A Washington-based watchdog group has filed an ethics complaint against Jared Kushner, the president’s son-in-law and senior adviser, saying he should have publicly disclosed his interest in the online real estate firm Cadre.
“Kushner’s failure to disclose his ownership in Cadre is very troubling,” Noah Bookbinder, executive director of the nonprofit Citizens for Responsibility and Ethics in Washington, said in a statement.
The complaint, filed with the federal Office of Government Ethics, notes that “Cadre’s value, and therefore Mr. Kushner’s financial interest in Cadre, appears to have substantially increased during the time Mr. Kushner has served as a White House adviser.”
CREW said in Thursday’s statement that Kushner “co-founded Cadre and continues to own a significant part of it. In his public financial disclosure statement, however, he failed to disclose that ownership interest. ... These cannot be written off as minor oversights, as Cadre reportedly has a value of $800 million.”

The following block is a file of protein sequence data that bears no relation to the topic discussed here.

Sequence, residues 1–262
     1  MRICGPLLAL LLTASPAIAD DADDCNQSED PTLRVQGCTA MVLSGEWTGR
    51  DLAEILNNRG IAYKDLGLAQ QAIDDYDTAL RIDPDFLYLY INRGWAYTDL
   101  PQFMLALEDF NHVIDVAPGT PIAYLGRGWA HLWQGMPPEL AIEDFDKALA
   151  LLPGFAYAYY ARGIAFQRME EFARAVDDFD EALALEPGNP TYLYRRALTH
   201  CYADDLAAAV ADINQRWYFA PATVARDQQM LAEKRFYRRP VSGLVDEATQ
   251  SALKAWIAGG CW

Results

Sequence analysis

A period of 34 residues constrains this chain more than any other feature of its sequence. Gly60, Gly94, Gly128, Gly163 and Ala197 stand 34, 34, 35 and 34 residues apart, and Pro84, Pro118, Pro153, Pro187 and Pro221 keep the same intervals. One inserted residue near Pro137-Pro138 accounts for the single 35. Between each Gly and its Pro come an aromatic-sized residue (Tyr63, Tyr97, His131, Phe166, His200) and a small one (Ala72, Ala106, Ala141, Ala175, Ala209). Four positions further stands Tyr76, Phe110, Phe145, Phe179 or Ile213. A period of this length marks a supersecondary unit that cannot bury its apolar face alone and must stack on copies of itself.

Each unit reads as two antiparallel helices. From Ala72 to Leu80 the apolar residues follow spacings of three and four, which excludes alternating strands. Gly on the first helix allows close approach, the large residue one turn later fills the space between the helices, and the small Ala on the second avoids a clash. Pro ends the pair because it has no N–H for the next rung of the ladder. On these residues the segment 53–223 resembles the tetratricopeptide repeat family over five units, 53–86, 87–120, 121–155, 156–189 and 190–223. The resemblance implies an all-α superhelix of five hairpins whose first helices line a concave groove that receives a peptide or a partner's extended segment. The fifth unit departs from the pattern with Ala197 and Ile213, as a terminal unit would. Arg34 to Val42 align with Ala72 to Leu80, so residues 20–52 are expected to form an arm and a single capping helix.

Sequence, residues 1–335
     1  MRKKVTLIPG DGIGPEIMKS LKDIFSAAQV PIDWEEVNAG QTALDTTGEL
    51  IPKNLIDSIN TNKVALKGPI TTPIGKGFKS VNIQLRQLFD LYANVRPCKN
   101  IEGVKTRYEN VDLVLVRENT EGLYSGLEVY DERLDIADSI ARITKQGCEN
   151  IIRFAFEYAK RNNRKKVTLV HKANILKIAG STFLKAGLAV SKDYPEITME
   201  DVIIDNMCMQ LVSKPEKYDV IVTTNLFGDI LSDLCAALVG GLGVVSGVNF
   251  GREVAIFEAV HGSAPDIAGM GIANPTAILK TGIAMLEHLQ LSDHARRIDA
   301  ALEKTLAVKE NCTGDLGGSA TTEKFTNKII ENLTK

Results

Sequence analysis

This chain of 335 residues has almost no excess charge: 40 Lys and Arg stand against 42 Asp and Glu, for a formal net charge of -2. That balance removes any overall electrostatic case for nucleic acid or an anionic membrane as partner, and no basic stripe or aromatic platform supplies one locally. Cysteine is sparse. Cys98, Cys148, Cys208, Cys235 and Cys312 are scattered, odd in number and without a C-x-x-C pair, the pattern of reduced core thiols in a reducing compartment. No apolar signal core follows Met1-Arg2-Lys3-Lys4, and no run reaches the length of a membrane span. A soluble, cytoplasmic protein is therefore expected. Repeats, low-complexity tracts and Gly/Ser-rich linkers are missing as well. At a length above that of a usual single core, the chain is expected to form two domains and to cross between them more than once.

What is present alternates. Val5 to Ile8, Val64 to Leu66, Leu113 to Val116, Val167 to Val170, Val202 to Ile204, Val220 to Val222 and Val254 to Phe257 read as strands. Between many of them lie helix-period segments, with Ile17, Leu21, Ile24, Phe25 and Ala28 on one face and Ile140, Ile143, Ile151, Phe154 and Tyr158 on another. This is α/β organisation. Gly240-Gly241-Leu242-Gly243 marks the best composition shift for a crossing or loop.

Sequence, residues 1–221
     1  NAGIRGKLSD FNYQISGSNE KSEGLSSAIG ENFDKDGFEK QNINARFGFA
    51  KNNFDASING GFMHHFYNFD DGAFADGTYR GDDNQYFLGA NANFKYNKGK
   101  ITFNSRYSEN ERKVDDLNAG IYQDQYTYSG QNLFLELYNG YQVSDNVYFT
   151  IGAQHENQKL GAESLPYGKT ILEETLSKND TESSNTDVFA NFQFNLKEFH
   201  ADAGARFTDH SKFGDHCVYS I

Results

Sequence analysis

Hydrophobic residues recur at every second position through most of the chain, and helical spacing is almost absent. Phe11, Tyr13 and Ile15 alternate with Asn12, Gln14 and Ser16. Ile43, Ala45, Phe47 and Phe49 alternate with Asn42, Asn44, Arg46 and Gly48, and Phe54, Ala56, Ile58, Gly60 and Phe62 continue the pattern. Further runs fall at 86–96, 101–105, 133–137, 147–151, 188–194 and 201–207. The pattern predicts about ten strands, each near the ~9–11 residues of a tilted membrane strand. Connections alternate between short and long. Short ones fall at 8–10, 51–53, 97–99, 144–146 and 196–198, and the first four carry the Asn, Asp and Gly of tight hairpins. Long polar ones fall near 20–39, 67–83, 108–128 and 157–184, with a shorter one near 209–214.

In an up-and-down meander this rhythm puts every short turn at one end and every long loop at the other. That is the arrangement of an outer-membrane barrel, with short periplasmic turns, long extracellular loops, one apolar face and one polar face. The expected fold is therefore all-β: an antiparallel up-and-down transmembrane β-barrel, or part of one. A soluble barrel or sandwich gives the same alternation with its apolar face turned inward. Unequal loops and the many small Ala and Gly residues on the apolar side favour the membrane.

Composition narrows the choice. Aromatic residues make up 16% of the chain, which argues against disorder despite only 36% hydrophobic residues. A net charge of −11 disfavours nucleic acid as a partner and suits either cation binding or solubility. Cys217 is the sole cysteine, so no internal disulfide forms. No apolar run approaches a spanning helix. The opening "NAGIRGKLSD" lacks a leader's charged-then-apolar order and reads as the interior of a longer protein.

Kushner, whose family runs a diversified real estate empire that controls tens of thousands of residential properties in New York City and beyond, is married to first daughter Ivanka Trump, and serves as White House senior adviser and assistant to the president.
Cadre, Bookbinder said, appears to be one of Kushner’s “larger investments, not something he could easily overlook, and it is impossible to ensure that senior government officials are behaving ethically if they fail to disclose key assets.”
The White House didn’t immediately respond to a request for comment on the CREW allegations.
“OGE should investigate immediately and determine whether any sanction or referral is appropriate for Kushner’s potential disclosure violations and whether it is necessary for him to fully divest from Cadre,” Bookbinder said.